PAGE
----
Social Explorer Project Named Best Law Website in the 20th Annual Webby Awards!
TUESDAY, APR 26, 2016
We are excited to announce that Social Explorer has been named the Best Law Website in the 20th Annual Webby Awards. Hailed as the “Internet’s highest honor” by The New York Times, The Webby Awards, presented by the International Academy of Digital Arts and Sciences (IADAS), is the leading international award honoring excellence on the Internet.
Social Explorer’s Threat to Representation of Children and Non-Citizensproject examines the potential impact that the Evenwel v. Abbott Supreme Court case could have had on representation around the nation (and still might depending on further legal challenges). The plaintiffs argued that redistricting should be based on the number of voters (citizens of voting age) instead of all residents. Professor and demographer Andrew Beveridge analyzed the effects of such a change in his special report. The award winning data visualization website Social Explorer (Beveridge is the co-founder and president) developed the companion interactive tool to illustrate how state legislative and congressional districts would need to change and which groups would be most affected.
“Social Explorer has set the standard for innovation and creativity on the Internet,” said David-Michel Davies, Executive Director of The Webby Awards. “This award is a testament to the skill, ingenuity, and vision of its creators.”
“Representation has been fundamental to US Democracy since the nation’s founding, and the Evenwel case posed a true threat. Our tool, which was used by hundreds of news outlets, community organizations and political groups, made it possible to bring that fact home to communities across the country,” said Beveridge.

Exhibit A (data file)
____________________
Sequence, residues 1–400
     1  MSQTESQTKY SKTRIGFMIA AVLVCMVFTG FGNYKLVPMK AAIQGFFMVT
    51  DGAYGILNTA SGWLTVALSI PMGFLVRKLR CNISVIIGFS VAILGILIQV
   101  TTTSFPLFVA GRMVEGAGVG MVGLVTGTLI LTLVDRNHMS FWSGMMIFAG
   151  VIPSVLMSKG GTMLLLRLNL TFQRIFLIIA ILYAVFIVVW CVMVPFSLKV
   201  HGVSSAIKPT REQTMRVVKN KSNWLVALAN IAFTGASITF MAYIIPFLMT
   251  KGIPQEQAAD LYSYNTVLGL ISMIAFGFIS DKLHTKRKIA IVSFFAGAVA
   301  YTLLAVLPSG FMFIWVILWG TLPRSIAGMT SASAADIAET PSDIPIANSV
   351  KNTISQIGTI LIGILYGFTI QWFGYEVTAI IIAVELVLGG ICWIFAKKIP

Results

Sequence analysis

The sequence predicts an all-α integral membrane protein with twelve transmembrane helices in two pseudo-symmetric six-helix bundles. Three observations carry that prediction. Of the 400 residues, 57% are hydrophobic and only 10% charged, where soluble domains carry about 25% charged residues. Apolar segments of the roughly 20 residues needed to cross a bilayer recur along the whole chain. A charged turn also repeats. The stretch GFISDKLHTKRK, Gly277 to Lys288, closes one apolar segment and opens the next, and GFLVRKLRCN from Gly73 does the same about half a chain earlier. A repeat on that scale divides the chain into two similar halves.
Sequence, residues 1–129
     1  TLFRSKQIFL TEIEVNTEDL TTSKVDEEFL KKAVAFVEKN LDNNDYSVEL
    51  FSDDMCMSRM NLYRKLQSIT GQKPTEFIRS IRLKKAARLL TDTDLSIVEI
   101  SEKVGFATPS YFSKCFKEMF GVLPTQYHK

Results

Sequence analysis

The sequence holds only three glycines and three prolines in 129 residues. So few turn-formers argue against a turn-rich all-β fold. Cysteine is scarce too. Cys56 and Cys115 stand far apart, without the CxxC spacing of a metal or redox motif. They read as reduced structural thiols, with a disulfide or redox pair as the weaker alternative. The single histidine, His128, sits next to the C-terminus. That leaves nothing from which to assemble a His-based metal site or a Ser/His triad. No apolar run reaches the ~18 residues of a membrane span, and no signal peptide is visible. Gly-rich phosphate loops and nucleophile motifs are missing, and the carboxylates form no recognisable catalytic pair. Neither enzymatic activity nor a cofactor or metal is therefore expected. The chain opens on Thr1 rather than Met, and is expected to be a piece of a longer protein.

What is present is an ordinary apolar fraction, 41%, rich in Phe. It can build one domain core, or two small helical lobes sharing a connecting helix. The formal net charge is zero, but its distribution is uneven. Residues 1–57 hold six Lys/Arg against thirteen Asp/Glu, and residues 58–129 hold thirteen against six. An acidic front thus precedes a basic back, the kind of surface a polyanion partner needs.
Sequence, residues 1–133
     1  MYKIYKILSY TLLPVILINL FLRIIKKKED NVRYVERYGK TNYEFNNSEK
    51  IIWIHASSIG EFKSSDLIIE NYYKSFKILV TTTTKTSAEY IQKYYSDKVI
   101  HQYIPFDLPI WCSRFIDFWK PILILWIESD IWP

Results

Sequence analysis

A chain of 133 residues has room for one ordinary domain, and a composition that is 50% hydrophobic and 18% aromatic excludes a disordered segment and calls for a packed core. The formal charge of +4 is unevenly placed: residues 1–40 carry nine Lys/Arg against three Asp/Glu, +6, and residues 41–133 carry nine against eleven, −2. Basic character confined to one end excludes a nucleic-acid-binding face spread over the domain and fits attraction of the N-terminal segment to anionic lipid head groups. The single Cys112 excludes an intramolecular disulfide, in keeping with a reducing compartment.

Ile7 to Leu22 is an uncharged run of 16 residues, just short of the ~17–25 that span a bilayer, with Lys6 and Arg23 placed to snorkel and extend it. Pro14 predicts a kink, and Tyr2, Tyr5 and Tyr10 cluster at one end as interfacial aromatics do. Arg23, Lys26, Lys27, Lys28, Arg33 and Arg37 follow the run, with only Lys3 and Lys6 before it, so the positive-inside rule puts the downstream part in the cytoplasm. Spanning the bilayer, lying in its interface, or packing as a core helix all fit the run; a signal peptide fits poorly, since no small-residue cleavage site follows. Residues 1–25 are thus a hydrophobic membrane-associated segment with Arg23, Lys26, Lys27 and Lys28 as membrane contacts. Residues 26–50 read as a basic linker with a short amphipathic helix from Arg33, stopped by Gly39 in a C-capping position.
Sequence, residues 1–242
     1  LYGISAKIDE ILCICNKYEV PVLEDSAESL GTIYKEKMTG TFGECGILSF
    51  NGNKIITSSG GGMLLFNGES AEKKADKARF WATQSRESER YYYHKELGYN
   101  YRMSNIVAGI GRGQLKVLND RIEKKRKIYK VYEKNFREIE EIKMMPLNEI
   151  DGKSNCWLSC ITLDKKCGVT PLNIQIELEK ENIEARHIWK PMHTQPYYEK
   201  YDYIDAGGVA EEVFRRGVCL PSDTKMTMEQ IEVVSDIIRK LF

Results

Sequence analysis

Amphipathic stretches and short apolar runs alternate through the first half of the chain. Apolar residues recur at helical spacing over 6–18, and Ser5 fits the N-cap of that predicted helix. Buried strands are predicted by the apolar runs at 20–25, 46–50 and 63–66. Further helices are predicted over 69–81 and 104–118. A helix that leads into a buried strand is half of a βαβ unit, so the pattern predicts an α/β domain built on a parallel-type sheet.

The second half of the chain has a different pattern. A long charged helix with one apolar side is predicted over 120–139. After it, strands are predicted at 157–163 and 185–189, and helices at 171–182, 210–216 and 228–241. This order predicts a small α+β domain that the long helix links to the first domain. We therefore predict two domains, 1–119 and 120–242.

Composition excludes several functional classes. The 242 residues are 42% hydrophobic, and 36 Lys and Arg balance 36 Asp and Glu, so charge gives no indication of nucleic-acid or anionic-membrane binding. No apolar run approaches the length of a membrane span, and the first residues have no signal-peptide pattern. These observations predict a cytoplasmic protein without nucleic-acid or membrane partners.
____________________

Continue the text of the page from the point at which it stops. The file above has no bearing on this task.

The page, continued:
Social Explorer is a leading data visualization and research website designed to engage users with current and historical demographic data. First conceived in 1999, Social Explorer breaks down the barriers to large-scale data analysis and demographic mapping. With support from the National Science Foundation and The New York Times, the Social Explorer team developed a sophisticated data system and a simple online interface to give users access to comprehensive demographic data and interactive tools. Social Explorer is available by subscription through Oxford University Press. Our partners include Pearson Publishers, the Census Bureau, and the Ellis Island Museum.
Other honors include a 2015 Webby Honoree (Government website: Census Explorer: Young Adults Then and Now), a 2014 Webby Honoree (Education website), the Gold Medal in the 2015 Modern Library Awards, the 2010 Outstanding Reference Source Award from the Reference and User Services Association (a division of the American Library Association), and the 2012 Standard of Excellence Award from the Web Marketing Association.
Andrew A. Beveridge, Ph.D., is Professor of Sociology at Queens College and the Graduate School and University Center of the City University of New York. Since 1993, Dr. Beveridge has been a consultant to the New York Times, which has published numerous news reports and maps based upon his analysis of census data. He co-edited New York and Los Angeles: The Uncertain Future (Oxford University Press, 2013) with David Halle of UCLA. He received his Ph.D. and M.Phil. in sociology from Yale University and his B.A with honors in economics from Yale College. Before coming to CUNY he taught for eight years at Columbia University. He has received grant and fellowship support from the American Council of Learned Societies, the National Science Foundation, the National Endowment for the Humanities, and many other agencies. He has also been involved with numerous consulting engagements including many related to Civil Rights litigation. He won the Public Understanding of Sociology Award from the American Sociological Association in 2007. He is the president and co-founder of Social Explorer.
The views expressed in this report are Beveridge’s alone and do not necessarily represent the views of any organization with which he is associated.